Chapter

The Socioeconomic Integration of Immigrants in the EU

Fenella Fleischmann and Jaap Dronkers

in Growing Gaps

Published in print November 2010 | ISBN: 9780199732180
Published online January 2011 | e-ISBN: 9780199866182 | DOI: http://dx.doi.org/10.1093/acprof:oso/9780199732180.003.0012
The Socioeconomic Integration of Immigrants in the EU

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This chapter examines the economic integration of first- and second-generation immigrants into thirteen countries in Europe, considering several possible determinants of successful integration, including the immigrant's own education and the education of the immigrant's parents. In general, both the immigrant's own educational attainment and the immigrant's parents' education do affect integration. That is, better-educated immigrants from more educated families are more successfully integrated. Various other factors also strongly affect the degree of integration, however. Country of origin matters: immigrants in the EU from Eastern Europe and Central Asia fare less well than immigrants from Western European countries, for example. The welfare regime in the receiving country also affects immigrant incorporation: immigrants in nations with social democratic regimes have more success integrating than immigrants in the liberal regimes (like the United Kingdom and Ireland), and also more success than immigrants in the conservative welfare regimes of Spain and Italy. Other things held equal, Muslim immigrants were also less integrated economically than others and had lower returns to education than non-Muslims.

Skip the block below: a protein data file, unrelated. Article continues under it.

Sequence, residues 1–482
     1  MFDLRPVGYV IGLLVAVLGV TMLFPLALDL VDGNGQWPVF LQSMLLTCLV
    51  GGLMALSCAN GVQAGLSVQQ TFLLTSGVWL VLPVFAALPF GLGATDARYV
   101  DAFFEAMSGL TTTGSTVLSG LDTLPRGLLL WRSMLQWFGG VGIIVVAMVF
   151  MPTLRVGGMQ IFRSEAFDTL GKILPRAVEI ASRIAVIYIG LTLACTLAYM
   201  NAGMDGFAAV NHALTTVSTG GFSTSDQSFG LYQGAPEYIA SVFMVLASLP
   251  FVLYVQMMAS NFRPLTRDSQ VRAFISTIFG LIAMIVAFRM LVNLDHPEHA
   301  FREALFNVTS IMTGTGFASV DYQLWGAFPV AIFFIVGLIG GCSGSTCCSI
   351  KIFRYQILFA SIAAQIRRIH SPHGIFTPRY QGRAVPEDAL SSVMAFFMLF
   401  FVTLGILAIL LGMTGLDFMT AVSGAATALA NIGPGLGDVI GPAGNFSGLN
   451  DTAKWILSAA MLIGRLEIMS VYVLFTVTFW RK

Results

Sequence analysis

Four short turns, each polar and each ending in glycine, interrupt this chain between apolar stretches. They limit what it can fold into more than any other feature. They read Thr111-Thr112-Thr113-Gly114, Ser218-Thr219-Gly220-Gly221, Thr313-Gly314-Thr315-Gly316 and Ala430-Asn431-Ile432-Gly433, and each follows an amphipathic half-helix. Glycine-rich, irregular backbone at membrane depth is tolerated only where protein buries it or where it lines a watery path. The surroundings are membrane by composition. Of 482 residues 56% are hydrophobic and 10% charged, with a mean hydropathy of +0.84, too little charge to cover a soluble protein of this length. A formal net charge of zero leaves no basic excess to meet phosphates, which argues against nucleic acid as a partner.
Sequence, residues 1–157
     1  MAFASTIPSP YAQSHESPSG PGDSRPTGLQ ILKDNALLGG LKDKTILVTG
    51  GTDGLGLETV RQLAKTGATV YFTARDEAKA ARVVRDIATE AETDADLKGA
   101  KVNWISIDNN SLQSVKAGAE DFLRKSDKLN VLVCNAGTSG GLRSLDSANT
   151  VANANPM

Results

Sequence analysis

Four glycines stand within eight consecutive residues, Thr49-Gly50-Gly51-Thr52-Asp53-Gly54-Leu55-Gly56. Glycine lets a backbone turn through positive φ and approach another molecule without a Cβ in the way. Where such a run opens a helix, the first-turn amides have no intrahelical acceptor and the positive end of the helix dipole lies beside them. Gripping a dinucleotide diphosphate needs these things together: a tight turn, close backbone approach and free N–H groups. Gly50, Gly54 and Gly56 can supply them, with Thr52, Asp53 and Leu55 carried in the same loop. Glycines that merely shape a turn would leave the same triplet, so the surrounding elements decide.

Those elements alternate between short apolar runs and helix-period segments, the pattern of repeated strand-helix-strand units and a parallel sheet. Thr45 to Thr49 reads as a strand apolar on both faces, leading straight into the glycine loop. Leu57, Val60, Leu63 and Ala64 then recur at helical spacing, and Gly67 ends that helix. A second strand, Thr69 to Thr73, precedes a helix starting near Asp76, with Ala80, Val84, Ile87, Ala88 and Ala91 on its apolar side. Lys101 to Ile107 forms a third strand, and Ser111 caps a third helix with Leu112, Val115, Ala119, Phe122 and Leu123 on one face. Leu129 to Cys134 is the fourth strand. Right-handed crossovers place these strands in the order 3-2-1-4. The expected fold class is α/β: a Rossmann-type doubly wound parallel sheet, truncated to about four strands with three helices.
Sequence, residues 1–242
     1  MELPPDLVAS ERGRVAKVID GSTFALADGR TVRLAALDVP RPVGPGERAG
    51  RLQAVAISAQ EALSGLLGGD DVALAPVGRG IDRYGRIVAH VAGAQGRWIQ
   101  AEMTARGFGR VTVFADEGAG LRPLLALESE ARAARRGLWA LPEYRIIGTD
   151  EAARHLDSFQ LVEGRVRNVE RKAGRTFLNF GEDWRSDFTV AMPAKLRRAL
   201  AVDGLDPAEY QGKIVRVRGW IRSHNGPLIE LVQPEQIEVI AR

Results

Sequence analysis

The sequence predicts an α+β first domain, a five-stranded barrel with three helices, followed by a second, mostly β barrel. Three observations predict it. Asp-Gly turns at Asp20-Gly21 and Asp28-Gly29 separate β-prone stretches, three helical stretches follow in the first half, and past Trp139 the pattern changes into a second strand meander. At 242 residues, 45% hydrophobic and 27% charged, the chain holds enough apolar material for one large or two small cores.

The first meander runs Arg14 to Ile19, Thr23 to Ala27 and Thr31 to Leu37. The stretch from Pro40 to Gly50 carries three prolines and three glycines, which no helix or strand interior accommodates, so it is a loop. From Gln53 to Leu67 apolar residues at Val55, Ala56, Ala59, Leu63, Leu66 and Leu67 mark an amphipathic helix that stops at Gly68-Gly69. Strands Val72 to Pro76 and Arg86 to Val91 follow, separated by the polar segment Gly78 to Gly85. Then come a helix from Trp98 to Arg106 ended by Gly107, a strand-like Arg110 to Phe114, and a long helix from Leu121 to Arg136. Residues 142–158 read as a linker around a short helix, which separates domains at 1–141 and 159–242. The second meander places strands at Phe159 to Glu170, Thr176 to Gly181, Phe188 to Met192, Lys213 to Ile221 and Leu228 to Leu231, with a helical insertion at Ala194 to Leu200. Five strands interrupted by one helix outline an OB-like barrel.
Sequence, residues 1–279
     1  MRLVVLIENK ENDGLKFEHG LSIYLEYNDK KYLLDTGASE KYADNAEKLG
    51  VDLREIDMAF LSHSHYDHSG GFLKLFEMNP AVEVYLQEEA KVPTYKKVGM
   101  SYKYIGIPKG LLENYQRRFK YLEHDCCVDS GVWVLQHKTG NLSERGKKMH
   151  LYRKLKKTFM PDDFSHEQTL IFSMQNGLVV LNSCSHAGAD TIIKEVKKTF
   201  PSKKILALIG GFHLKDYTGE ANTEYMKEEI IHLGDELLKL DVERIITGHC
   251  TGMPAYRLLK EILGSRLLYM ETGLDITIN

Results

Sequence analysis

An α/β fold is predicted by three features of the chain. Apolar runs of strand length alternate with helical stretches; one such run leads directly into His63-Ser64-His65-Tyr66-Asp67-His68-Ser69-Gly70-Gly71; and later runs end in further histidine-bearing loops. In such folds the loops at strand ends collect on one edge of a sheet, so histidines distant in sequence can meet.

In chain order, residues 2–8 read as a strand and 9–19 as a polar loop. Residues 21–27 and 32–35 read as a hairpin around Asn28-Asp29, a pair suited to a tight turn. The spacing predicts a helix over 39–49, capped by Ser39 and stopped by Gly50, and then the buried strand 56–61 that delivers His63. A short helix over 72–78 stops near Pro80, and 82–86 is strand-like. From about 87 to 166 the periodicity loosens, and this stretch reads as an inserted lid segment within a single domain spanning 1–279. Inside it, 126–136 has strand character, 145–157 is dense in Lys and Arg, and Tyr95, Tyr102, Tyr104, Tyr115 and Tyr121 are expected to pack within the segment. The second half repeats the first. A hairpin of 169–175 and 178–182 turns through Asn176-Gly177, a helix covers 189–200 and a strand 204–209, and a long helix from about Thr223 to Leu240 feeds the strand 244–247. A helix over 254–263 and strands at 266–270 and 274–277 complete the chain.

Keywords: Europe; immigration; immigrants; socioeconomic integration; educational attainment; welfare regime; Muslim immigrants

Chapter.  9320 words.  Illustrated.

Subjects: Comparative Politics

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